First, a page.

Magazin:

It is Sunday afternoon at the “Faraon” restaurant, a slightly more substantial wooden building than the rest of the 3,000 wooden kiosks that make up the Brcko District’s sprawling Arizona Market in northeast Bosnia. But just like the rest of them the Faraon has a parking lot for a toilet.
Like many of the people who indirectly gain from one of Arizona Market’s traditional businesses, Gordana, owner of the aptly named Koridor restaurant, does not see any victims at her tables when the prostitutes from Eastern Europe totter in the door on high heels.

To produce this series, an all-Balkan team of seven journalists and a photo-journalist from Bosnia, Croatia and Serbia went in spring 2002 to the infamous Arizona Market in the Brcko District of northeast Bosnia Herzegovina to investigate the coming showdown between its western style future and its lawless past.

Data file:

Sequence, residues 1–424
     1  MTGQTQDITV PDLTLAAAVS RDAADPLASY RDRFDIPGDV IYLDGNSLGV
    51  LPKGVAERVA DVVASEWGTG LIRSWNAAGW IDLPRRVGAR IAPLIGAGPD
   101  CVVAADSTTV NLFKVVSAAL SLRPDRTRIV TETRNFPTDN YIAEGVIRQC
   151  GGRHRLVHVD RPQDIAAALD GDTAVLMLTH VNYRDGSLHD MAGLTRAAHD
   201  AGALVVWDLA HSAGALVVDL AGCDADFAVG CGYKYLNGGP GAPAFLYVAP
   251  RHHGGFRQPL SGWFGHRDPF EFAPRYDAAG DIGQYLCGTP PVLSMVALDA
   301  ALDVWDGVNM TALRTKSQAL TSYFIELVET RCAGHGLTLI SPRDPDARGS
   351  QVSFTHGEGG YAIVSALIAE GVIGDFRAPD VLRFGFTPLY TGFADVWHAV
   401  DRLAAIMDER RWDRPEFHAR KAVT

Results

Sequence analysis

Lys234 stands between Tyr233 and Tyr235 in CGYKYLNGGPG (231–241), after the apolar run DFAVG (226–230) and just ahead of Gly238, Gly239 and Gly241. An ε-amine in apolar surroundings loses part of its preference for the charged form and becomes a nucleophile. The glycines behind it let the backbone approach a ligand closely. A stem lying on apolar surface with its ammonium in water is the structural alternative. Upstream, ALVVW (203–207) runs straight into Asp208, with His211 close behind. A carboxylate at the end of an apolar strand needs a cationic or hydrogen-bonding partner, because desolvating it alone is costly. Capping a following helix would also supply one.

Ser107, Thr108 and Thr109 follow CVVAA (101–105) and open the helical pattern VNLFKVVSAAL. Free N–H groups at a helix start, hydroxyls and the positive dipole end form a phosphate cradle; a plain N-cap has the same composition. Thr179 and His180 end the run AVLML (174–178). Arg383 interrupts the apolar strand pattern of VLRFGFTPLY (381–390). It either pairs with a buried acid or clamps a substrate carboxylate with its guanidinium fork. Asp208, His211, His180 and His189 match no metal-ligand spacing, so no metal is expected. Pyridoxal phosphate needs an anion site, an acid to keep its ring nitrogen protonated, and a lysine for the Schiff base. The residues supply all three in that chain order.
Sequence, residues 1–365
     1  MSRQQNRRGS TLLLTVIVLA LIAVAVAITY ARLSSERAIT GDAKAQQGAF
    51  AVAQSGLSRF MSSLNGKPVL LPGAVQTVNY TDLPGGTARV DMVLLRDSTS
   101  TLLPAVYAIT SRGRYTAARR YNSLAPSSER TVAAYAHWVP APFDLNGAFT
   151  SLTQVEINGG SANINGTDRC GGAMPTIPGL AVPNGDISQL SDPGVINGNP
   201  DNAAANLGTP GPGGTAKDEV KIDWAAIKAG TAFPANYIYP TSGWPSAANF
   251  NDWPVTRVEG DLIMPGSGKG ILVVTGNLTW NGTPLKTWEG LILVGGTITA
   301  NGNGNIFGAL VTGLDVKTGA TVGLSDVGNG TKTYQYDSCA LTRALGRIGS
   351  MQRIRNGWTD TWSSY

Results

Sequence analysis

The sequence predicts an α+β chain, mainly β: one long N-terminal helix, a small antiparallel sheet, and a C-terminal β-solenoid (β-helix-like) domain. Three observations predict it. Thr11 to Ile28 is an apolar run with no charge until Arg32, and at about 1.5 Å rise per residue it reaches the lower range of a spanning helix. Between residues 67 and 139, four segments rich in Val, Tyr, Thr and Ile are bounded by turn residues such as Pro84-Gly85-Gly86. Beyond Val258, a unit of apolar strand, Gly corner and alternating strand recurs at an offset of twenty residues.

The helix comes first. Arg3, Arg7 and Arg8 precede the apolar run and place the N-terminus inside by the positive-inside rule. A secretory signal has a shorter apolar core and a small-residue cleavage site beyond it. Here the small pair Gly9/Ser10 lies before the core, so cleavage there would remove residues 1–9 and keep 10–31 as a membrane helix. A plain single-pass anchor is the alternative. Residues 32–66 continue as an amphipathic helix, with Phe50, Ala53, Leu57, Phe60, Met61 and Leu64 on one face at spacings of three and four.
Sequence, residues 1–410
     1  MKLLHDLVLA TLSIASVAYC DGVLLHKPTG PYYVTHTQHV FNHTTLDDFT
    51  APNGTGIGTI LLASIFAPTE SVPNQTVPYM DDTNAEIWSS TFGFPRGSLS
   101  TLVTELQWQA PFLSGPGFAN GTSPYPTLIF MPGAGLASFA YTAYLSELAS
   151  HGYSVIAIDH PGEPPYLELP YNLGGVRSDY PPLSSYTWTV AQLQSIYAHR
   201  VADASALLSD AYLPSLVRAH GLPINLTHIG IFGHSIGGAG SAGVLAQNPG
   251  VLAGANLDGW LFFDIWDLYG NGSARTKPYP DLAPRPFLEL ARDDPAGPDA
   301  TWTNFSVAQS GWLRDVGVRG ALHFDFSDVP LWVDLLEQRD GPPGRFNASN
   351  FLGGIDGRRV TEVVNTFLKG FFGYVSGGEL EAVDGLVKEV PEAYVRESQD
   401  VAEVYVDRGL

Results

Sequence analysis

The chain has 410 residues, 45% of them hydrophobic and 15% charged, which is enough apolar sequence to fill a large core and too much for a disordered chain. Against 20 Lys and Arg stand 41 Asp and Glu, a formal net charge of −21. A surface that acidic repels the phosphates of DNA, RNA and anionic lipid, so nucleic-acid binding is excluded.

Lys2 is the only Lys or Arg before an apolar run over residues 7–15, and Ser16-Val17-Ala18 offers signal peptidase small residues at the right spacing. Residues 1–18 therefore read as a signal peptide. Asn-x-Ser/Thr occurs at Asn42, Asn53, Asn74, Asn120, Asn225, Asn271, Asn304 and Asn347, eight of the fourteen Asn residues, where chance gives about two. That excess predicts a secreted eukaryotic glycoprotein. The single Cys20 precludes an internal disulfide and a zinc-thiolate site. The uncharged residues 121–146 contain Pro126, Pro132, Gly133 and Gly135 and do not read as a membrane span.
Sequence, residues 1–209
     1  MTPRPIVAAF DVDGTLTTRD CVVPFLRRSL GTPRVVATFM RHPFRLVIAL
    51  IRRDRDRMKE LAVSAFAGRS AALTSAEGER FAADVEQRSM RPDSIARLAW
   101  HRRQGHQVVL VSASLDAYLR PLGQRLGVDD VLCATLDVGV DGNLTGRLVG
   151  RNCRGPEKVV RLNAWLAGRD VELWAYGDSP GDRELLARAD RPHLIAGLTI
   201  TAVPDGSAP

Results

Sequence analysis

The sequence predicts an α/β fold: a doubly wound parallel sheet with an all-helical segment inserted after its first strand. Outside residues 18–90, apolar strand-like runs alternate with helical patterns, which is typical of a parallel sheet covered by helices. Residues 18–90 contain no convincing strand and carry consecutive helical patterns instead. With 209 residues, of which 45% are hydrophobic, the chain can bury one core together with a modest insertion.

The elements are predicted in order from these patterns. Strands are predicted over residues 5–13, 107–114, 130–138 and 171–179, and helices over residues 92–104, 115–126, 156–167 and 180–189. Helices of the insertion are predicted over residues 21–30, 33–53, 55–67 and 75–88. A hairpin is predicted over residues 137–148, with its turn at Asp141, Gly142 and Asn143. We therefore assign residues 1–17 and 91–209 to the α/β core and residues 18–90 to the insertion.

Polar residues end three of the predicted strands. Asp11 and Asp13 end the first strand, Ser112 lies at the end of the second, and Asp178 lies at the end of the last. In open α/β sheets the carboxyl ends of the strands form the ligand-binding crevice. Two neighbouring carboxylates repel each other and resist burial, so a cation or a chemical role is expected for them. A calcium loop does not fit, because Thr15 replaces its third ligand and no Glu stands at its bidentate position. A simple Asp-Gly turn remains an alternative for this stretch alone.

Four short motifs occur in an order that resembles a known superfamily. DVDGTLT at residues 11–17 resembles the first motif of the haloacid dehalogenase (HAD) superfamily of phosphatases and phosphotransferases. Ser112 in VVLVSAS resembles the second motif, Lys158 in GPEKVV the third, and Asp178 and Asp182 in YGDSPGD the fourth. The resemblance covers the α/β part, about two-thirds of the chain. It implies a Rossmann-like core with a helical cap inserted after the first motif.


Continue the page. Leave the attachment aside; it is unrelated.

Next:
It seemed like a good idea to a female colleague and me. No one on our all-Balkan seven person reporting team had ever been to a night bar. Yet, we were collaborating on a two-week investigation that included the sex trafficking business in northeastern BiH.

Two years ago when infamous Prijedor night bar owner Milorad Milakovic publically called for the legalization of prostitution in the Arizona Market and the rest of Brcko District, district officials could not get far enough away from the idea.

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